In his book “El Arte de Cocinar con Chile”, Arturo Lomelí states that chile is “the soul of the Mexicans.” If this is the case then, what corn and beans are to the Mexicans? I think if chiles are the soul, corn must be the body and beans the mind… or vice versa?
Recipes for Frijoles
Please note: in cooking beans, cold water should be avoided at all times. The rinsing and soaking should be done with hot water. To start boiling the beans, heat the water first then add the beans. When reheating, if water is needed add only hot water This will produce softer beans in less time.
Frijoles de la Olla
This is where the beans universe begins. A good pot of boiled beans is a treasure that can be consumed as is or elevated to more complex concoctions. Here is my personal preparation method.
1 lb. your choice of black, pinto, bayo dry beans.
2 qt. hot water
2 cloves garlic
1 sprig epazote (optional)
2 tsp sea salt
1 avocado in small cubes, finely chopped onion, cilantro and chile serrano, and sour cream for toppings
By hand, clean the beans of debris. Rinse them in hot water to remove any dust. Soak the beans in hot water for one hour in a covered container. Strain and begin boiling them using the 2 quarts of hot water. Boil the beans for one hour, then add the onion, garlic, epazote, and salt; boil for 10 more minutes. Check the beans for softness, boil longer if necessary. Serve the beans hot and add the toppings. Flour or corn tortillas or tostadas is the way to go. Good for breakfast, lunch and dinner. Provecho!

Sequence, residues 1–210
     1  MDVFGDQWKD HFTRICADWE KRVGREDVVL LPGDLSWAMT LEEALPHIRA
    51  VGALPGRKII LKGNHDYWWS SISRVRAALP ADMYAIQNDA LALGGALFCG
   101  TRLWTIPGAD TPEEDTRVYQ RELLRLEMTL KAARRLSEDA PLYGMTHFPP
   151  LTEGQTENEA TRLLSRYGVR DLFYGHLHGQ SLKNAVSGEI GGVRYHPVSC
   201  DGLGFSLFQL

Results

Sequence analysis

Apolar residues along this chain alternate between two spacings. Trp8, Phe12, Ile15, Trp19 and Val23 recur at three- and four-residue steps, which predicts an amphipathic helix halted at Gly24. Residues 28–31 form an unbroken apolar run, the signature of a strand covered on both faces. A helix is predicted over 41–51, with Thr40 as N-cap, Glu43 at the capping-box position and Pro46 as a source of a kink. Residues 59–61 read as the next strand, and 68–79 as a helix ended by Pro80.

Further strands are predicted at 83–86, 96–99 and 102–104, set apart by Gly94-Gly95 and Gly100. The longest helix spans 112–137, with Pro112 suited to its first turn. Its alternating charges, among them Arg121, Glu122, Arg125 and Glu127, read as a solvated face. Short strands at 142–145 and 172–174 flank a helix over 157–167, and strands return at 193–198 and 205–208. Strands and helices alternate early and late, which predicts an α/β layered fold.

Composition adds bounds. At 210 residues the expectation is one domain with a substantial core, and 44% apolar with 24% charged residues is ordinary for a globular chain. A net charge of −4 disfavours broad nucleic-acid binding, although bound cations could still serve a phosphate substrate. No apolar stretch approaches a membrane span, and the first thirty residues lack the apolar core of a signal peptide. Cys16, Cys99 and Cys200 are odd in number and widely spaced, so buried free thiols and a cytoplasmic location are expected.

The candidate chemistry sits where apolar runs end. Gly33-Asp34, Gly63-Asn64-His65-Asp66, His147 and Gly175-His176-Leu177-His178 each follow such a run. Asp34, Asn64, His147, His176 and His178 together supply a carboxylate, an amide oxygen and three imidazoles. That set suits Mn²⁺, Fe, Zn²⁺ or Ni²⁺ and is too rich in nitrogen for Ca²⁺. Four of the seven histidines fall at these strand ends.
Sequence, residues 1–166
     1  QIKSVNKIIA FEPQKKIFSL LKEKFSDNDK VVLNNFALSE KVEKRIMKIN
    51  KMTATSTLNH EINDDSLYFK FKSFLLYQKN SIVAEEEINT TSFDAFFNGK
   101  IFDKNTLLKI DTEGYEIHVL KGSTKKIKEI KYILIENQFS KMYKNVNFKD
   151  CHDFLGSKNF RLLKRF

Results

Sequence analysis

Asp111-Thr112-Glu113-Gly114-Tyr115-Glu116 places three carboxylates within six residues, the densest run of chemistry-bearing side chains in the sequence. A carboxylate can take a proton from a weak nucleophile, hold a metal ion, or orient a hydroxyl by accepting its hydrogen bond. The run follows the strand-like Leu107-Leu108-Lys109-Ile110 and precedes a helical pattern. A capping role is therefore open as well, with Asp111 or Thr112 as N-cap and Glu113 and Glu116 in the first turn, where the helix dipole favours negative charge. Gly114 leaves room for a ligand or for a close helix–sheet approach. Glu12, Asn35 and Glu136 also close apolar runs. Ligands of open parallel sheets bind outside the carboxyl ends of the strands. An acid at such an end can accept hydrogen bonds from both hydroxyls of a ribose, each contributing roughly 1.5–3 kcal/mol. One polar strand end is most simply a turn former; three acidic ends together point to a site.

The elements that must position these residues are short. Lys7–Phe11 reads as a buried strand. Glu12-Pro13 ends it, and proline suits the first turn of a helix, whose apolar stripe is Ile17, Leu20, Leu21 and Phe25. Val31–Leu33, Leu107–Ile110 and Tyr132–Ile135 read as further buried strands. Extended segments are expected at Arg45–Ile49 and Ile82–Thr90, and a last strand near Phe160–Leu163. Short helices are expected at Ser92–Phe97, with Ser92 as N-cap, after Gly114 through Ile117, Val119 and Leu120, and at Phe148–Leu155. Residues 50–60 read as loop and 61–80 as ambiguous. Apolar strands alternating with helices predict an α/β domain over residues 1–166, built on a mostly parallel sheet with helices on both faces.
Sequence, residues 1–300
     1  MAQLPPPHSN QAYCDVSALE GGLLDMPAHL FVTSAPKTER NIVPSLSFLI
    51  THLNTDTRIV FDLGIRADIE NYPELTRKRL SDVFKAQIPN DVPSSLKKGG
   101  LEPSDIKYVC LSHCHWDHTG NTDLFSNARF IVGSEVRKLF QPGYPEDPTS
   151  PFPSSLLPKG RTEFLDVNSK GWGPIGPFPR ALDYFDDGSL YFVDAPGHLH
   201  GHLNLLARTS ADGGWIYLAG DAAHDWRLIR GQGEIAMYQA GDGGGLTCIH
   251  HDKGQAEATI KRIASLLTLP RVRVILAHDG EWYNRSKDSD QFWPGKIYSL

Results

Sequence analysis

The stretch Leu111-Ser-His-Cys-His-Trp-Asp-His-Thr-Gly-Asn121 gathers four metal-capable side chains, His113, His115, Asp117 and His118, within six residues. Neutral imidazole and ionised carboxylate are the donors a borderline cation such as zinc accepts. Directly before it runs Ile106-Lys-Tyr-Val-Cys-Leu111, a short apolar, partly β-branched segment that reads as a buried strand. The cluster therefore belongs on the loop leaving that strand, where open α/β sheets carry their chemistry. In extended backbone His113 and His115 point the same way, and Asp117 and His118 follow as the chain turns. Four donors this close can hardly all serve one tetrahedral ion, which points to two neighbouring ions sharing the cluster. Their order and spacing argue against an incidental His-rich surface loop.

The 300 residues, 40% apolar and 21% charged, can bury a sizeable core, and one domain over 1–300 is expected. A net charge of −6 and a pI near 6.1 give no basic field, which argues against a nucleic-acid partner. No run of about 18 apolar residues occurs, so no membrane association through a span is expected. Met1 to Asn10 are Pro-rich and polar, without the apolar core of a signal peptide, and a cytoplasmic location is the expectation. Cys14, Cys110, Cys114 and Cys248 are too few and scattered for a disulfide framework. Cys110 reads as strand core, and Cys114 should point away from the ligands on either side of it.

Yields: 8 servings
Heat Scale: To taste
Simple and inexpensive to make, here is my personal recipe including my secret ingredient: lard! I hope yours turn out better than mine!
2 lbs. of frijoles de la olla per above w/o toppings
2 tomatoes, chopped
1 onion, chopped
2 to 4 chiles serranos, chopped
½ Lb. chicharrón
1 to 2 oz. lard
1 sprig of cilantro, roughly chopped
Cut the chicharrón into bite sizes and fry it in oil to render any fat in it. Add the lard and keep frying for three minutes over a low flame. Lard is as delicate as butter; don’t let it burn. Add the vegetables (except for the cilantro) and fry for three minutes. Add the cooked beans and boil for 15 minutes. Add the cilantro and hot water as needed. Simmer for 10 minutes and they are ready!
Yields: 10 servings
Heat Scale: Hot
Asado de Boda
This is a dish frequently served in rural weddings in Northern Mexico. It’s basically pork cooked in lard and chiles, and has no relationship to carne asada or Argentinian asado.This dish produces enough flavored fat that we shouldn’t waste it. You can use it to prepare frijoles con veneno featured in the last recipe below.
1 lb. pork ribs, cut parallel to the bones
1 lb. pork loin, cut in bite size chunks
6 chile anchos, stemmed and seeded
6 chile guajillos, stemmed and seeded
4 garlic cloves
4 oz. lard
Pinch of orégano
2 bay leaves
Pinch of ground cumin
Salt to taste
Boil the chiles for 3 minutes and put them in a blender along with the onion and garlic. Using the water wherein the chiles boiled, run the blender to make a runny sauce. Brown the meat in the lard and add the chiles sauce. Bring it to a boil and simmer for 30 minutes. Add the salt, oregano, bay leaves, and cumin; simmer for 15 more minutes. Remove the bay leaves. Let the beans cool off to allow the separation of fat. At this time you can skim the fat you will need to refry the beans. Serve hot with white rice on the side and with frijoles con veneno, recipe below.
Yields: 6 servings
Heat Scale: Medium
Frijoles con Veneno
A favorite in the north of Mexico, this is a version of beans that I’m keen on. Literally, frijoles con veneno means “beans with poison.” While the name suggests danger, there isn’t, unless, like everything else, you abuse it.
1 Lb. of frijoles de la olla per above w/o toppings
Fat skimmed from the previous dish, asado de boda
Mash the beans to a uniform paste and use the skimmed fat from the asado de boda refry them for 3 minutes or until hot. Enjoy!
Yields: 4 servings
Heat level: medium